). The Greek term for a colonnade, such as those built
outside or inside temples, around dwelling-houses, gymnasia, and marketplaces. They were also
set up separately as ornaments of the streets and open places. The simplest form is that of a
roofed colonnade, with a wall on one side, which was often decorated with paintings. Thus in
the market-place at Athens the στοὰ ποικίλη
Colonnade) was decorated with Polygnotus's representations of the destruction of Troy, the
fight of the Athenians with the Amazons, and the battles of Marathon and Oenoe. The στοὰ βασίλειος
, also in the market-place, in which the Archon
Basileus sat as judge, was probably divided longitudinally into three parts by two rows of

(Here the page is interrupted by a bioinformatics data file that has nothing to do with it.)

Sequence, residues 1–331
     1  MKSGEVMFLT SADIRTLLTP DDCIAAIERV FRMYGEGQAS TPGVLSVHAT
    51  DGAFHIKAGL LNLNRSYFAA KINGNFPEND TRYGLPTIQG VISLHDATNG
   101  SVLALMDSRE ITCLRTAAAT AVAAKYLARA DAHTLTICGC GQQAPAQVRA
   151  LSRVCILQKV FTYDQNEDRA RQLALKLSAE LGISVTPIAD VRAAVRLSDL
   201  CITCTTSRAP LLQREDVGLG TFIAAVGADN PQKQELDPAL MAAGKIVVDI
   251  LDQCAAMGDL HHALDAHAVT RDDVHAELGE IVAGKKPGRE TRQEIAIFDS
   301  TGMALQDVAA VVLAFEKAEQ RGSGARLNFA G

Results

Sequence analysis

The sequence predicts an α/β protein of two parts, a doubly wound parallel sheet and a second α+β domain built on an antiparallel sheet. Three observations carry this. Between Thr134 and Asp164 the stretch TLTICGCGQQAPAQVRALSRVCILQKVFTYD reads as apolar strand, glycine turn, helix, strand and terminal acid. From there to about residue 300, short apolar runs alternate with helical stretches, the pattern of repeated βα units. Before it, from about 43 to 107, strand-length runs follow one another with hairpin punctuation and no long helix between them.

columns, and was the pattern for the Roman basilica
(q. v.). Zeno of
Citium taught in the στοὰ ποικίλη
, and his adherents
accordingly obtained the name of Stoics. See Stoici
Among the Romans similar colonnades attached to other buildings, or built out in the open,
were called porticus.
They were named from the neighbouring edifices (e.
g. porticus Concordiae
, close to the Temple of Concord); from their
builders (e. g. porticus Pompeia
); also from the pictures set up in them (e. g.
); and from the business chiefly carried on in them, as
, the hall of the money-changers. These halls were the
chief places for public intercourse among the ancients. See Porticus